'American Animals' Tells Astonishing, True Story of a Rare Book Heist
- Written by Diane Carson
"American Animals" twists and turns conventional heist movie formulas into a riotous blend, thereby delivering a wildly creative, tragicomic remix. It begins with a perfect flourish. Interviews capture astonished, appalled parents trying unsuccessfully to fathom how four privileged young men, their sons, could go so wrong that they decided to steal extremely valuable books from Transylvania University's special collection.
After a quotation from Charles Darwin's "On the Origin of Species" that gives the film its title, we read, "This is not based on a true story. This is a true story." Not only is it, but the four perpetrators involved in this crazy 2004 thievery appear in interviews intercut with the actors portraying them. They toss imprecise memories back and forth, revise and revisit scenes passing props from one interpretation to another. Here's the setup, with no spoilers because "American Animals" offers one fabulous, unpredictable ride I wouldn't spoil. Transylvanian University student Spencer Reinhard, with hopes of a career as an artist, hatches the grand scheme to steal the library's rare, first edition of John James Audubon's "Illustrated Birds of America," worth an estimated $12 million.
Soon he and good friend Warren Lipka are googling, yes, googling, "how to execute the perfect bank robbery" and studying their collection of heist movies they will then imitate to the best and worst of their abilities. In short order, a quartet of friends: Spencer, Warren, Eric Borsuk and "Chas" Allen II are donning disguises, making blueprint diagrams of the special collections room, building miniature models and training binoculars on the library – all leading up to the all-important day of the robbery.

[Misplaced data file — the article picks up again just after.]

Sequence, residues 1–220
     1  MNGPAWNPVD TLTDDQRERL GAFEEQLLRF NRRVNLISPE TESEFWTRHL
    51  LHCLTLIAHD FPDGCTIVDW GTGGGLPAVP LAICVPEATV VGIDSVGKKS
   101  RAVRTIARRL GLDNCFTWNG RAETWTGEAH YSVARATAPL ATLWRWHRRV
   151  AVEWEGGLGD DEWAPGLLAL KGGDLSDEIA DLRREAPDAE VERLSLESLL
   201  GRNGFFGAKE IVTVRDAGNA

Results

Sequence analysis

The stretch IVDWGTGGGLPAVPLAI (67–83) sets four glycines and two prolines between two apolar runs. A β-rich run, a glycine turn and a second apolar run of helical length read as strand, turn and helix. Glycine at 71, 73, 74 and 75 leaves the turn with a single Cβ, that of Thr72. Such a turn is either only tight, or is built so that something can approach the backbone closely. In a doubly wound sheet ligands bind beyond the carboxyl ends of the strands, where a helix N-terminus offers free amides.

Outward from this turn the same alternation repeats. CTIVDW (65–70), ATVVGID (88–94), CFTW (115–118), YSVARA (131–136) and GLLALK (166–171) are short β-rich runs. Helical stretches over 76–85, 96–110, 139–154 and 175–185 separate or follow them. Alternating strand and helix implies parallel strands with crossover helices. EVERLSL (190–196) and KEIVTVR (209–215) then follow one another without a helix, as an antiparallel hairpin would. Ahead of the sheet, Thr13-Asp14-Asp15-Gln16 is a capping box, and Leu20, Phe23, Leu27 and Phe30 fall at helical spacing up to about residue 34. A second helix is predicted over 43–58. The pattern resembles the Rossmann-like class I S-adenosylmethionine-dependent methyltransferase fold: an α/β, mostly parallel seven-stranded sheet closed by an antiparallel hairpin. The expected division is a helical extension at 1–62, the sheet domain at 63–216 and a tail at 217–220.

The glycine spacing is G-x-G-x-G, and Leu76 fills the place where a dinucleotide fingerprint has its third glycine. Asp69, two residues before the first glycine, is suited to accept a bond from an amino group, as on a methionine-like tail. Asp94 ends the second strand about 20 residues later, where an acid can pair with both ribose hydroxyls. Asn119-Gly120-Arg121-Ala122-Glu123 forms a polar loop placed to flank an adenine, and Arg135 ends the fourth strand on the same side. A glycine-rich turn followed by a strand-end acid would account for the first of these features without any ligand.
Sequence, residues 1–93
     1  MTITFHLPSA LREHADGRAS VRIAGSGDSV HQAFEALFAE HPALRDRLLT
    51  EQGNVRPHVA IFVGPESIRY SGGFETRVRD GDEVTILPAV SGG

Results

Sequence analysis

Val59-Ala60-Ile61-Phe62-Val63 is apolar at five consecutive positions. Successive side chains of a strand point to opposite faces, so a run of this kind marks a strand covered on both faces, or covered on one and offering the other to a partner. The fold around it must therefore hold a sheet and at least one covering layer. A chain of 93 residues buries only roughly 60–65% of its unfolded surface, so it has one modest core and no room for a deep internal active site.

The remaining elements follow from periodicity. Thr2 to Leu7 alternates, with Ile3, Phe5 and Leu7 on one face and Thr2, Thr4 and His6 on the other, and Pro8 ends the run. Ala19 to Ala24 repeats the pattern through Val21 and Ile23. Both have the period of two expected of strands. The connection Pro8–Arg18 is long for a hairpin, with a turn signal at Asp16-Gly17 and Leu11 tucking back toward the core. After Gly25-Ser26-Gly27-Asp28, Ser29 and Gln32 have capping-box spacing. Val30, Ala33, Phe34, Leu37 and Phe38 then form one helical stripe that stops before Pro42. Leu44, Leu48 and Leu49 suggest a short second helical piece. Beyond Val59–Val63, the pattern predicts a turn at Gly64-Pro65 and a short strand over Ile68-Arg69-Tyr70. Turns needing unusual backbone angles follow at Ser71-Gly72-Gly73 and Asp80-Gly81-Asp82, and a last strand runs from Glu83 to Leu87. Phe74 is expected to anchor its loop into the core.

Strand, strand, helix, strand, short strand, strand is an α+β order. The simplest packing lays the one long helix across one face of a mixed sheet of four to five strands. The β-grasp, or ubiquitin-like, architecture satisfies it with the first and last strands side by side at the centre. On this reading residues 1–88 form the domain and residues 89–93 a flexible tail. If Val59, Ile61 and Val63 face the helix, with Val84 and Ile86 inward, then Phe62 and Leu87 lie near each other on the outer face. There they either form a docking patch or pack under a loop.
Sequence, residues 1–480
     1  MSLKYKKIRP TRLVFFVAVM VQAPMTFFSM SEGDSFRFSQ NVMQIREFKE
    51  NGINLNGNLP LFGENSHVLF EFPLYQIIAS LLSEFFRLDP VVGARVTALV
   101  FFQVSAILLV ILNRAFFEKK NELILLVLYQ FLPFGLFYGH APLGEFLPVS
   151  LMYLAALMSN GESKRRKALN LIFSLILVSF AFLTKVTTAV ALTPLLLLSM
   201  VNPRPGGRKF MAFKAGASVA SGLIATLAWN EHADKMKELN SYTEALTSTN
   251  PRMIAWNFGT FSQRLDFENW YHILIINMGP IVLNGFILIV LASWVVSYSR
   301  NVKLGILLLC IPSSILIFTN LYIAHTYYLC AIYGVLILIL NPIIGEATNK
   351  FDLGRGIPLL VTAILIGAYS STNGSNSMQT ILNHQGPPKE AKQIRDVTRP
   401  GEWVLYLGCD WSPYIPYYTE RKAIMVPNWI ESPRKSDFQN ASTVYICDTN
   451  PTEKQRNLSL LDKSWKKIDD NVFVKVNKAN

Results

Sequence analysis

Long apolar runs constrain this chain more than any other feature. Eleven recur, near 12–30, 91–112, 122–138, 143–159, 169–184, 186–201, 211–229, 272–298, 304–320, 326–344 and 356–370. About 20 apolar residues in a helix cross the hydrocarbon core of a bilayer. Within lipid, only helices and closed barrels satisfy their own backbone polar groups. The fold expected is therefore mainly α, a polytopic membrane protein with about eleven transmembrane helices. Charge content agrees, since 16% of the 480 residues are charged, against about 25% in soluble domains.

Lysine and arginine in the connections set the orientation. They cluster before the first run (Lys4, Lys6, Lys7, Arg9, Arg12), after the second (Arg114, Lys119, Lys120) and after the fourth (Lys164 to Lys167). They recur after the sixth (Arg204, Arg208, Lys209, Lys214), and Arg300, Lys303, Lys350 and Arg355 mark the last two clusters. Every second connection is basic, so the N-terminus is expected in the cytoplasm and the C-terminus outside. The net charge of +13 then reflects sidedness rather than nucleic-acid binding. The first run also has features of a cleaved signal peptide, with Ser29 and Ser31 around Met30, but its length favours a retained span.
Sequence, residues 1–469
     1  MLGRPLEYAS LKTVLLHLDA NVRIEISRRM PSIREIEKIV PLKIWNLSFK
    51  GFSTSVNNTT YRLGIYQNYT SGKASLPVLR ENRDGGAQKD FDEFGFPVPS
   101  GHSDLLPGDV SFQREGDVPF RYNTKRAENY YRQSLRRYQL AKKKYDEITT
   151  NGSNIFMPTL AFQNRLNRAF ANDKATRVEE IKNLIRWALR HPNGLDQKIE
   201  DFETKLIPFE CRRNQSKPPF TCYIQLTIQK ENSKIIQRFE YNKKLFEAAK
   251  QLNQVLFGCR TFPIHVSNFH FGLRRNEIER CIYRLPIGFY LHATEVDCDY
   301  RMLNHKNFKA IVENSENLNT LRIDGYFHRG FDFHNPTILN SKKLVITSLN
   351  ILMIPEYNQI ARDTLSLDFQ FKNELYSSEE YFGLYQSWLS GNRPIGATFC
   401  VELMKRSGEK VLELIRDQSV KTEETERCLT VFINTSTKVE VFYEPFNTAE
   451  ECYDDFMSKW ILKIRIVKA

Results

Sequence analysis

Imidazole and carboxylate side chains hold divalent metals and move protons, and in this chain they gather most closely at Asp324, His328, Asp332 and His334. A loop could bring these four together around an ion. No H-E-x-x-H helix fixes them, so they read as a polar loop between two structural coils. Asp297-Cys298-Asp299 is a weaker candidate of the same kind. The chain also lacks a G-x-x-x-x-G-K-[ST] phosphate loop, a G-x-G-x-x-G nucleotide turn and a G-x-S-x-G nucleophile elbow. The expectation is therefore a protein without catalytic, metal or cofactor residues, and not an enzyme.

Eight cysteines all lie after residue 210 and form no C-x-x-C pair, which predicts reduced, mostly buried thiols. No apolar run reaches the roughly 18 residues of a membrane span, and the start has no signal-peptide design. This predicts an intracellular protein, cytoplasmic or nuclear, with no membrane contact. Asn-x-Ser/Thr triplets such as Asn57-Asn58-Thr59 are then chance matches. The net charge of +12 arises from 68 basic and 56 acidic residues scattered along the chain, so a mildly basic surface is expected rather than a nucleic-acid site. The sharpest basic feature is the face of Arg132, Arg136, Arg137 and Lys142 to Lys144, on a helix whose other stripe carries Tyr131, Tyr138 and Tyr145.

Director/writer Bart Layton delivers a snappy, delightfully imaginative film, reinterpreting and redefining the genre. At Columbia, Missouri's True/False festival where I first saw "American Animals," Layton said he wanted us to get into the fun of the fantasy, but also to show how these individuals got lost in an agony of chaos. Shot by Ole Bratt Birkeland with energetic, distinctive styles for each critical event, the lighting darkens as the mood changes. (See the June 2018 American Cinematographer for a descriptive article on the film's production.) The pace quickens at decisive moments and the skilled actors' interaction pops. "American Animals" is unique and highly entertaining. At Landmark's Tivoli Cinema.